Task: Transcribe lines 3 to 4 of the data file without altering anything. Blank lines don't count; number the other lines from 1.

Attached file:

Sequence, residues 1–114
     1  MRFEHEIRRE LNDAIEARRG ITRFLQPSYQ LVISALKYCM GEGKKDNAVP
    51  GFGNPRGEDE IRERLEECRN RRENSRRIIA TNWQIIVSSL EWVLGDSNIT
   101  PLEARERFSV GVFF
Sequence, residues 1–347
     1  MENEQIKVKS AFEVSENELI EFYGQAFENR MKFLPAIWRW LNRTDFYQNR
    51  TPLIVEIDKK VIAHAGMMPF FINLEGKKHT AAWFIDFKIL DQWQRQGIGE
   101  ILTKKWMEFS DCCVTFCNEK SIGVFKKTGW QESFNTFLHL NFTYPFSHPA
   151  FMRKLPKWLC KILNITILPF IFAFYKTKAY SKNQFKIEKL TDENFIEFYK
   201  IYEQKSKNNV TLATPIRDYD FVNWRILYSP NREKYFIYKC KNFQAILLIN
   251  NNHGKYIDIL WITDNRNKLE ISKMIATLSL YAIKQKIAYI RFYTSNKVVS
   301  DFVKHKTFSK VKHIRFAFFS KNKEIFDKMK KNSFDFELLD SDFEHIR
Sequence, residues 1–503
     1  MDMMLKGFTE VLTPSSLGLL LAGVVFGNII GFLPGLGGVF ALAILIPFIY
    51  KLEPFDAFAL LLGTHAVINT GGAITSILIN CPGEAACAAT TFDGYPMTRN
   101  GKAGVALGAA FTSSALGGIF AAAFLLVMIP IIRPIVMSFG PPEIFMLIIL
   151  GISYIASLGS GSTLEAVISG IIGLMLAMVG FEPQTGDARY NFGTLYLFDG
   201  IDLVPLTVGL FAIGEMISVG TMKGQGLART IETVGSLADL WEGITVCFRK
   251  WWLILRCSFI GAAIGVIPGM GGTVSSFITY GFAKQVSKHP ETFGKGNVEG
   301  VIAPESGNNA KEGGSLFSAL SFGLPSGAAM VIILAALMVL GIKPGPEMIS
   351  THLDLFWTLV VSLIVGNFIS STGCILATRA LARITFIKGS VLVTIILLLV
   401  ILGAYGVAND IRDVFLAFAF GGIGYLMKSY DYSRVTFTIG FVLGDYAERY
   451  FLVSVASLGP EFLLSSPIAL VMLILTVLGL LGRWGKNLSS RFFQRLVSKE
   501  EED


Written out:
    51  GFGNPRGEDE IRERLEECRN RRENSRRIIA TNWQIIVSSL EWVLGDSNIT
   101  PLEARERFSV GVFF